Death and ennui

Hey wait, where you going? Come back, I promise this isn’t going to be depressing.

I think for anyone who follows media cycles, there comes a point when you sigh and say “That’s quite enough.” For me, it happens when all the stuff that’s being pushed on you is of middling to no value. It’s perhaps exacerbated by my failing to renew my subscription to The Economist.

In any case, I present this list of Things Whose Ubiquity Is Indirectly Proportional To My Level Of Excitement About Them:

* The Simpsons Movie

* Local stage productions of “High School Musical”
* Silverchair’s new album (I swear I get 1-2 press releases a week about this thing)
* The Redwalls’ new album (ditto)
* Michael’s return to Lost
* Meltdowns by Lindsay and Britney
* A really blurry video of Beyonce falling
* Flash Gordon returning to TV

OK, that last one’s a lie. The buzz on that is proportional to my level of interest (“mild”). Mainly, it’s been stoked by TOC‘s TV editor Margaret Lyons who keeps inquiring if I’m looking forward to it, followed by me correcting her that it is this Flash and not that one, that I follow.

Speaking of, the most recent Flash, Bart Allen, died in last month’s issue, just as his mentor and uncle Wally West (the prior Flash) returned from a sort of self-imposed exile in the speed force. It’s a shame that the character was killed just as Marc Guggenheim was starting to shake off the awful Bilson/DeMeo re-launch. But worse than that is the possibility that DC has thrown out the baby with the bath water in an attempt to get the series back on its feet. It’s bad enough that DC bungled the character’s life, but worse than that they’ve bollixed up his death.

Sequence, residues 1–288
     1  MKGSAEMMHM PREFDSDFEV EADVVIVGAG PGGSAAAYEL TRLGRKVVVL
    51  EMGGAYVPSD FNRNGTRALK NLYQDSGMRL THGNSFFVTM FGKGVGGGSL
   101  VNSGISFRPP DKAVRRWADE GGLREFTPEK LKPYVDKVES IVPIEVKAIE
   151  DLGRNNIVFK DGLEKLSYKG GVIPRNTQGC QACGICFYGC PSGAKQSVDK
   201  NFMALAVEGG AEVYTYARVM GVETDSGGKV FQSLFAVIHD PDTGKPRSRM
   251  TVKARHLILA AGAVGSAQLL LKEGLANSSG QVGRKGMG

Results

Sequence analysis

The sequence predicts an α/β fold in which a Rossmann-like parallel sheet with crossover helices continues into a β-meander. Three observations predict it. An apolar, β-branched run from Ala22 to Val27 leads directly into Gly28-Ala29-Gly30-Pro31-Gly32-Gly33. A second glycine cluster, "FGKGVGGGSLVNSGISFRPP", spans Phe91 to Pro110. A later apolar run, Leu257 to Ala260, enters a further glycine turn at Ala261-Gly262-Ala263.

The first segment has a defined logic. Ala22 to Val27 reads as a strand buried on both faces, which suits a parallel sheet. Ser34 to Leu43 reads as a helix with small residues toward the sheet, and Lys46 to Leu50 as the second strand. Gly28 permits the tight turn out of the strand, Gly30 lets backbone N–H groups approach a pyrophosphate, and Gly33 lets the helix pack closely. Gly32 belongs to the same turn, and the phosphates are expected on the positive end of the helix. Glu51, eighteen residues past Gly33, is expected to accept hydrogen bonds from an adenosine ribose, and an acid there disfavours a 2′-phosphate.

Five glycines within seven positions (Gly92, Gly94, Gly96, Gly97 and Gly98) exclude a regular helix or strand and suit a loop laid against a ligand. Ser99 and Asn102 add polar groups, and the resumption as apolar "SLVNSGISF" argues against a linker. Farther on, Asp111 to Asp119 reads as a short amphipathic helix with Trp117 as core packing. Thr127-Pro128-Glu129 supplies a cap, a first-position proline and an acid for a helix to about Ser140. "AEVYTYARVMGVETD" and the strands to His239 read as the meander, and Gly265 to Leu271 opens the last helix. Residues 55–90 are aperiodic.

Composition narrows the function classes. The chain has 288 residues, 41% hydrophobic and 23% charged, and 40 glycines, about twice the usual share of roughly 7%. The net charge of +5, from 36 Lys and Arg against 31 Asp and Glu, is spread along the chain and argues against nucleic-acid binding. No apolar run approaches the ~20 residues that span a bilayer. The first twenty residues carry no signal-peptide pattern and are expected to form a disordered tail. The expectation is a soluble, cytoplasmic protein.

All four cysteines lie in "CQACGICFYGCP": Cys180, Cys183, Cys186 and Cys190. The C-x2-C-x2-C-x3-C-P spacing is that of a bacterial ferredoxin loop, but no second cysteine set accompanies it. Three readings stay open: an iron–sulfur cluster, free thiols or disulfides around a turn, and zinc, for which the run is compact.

Up until this 13-issue run, DC did a pretty good job of developing Bart Allen as he grew from Impulse to The Flash. But in the first few several issues of the relaunch, Bilson/DeMeo took a storied title and ran it into the ground by writing it as if they were crafting a discarded script for Smallville. Guggenheim came aboard and grounded the character, thanks to a job with the LAPD and a romantic interplay that resembled the hard choices and failings typical of your first adult relationship.

But it’s possible the damage was done. Plus, most readers still felt as if they were in a limbo over Wally West’s departure, unsure whether they should mourn his passing and embrace his successor or bide the time, and have patience with his placeholder. Per tradition, Bart Allen as The Flash died saving the world (not during a Crisis like his forebearers, but still) and received a similarly literary send-off (a quote from Sir Walter Scott that read “And come he slow, or come he fast, it is but death who comes at last”). But even with these ties to the past, his was a quick and senseless death, and quickly followed by the return of his much-loved uncle (and the much-loved Mark Waid who has a better ear for The Flash than anyone in the last 25 years). In giving so little weight to his death, DC tarnishes the spirit of the character.

The Flash is a harbinger of change in the DC Universe. And the death of a Flash has always been heavy with meaning. With so many changes yet to come for DC characters, and so little meaning attached to the loss of Bart Allen, I’m wondering if I’ll get that same “That’s quite enough” with comics, too.

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